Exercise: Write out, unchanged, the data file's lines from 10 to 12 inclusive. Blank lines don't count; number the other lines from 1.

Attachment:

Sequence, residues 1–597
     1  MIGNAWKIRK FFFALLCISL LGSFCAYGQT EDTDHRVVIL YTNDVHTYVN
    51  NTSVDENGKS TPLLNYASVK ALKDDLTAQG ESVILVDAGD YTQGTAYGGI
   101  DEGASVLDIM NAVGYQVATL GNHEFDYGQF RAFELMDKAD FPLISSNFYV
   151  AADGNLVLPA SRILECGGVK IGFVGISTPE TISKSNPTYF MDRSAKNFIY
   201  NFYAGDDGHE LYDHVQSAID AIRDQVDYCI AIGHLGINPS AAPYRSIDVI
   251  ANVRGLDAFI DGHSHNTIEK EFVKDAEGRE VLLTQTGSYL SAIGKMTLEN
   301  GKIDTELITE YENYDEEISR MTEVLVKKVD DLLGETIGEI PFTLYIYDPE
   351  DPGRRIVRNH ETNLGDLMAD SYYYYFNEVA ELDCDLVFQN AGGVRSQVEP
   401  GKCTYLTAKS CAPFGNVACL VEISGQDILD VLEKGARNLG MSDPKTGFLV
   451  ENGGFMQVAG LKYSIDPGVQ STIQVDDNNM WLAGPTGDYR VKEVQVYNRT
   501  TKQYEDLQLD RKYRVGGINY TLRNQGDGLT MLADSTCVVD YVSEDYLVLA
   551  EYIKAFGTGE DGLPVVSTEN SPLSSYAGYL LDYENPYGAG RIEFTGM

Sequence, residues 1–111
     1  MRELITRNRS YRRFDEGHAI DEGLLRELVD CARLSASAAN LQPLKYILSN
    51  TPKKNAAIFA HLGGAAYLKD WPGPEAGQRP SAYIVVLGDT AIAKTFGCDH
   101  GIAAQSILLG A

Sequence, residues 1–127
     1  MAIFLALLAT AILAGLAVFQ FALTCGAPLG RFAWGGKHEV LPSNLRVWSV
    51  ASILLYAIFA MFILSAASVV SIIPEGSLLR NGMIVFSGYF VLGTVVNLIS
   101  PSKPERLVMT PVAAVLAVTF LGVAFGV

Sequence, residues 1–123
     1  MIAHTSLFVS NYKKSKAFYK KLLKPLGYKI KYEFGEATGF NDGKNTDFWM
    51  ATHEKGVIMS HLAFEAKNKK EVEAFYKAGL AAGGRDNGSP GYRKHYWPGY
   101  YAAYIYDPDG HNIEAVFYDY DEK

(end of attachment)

   401  GKCTYLTAKS CAPFGNVACL VEISGQDILD VLEKGARNLG MSDPKTGFLV
   451  ENGGFMQVAG LKYSIDPGVQ STIQVDDNNM WLAGPTGDYR VKEVQVYNRT
   501  TKQYEDLQLD RKYRVGGINY TLRNQGDGLT MLADSTCVVD YVSEDYLVLA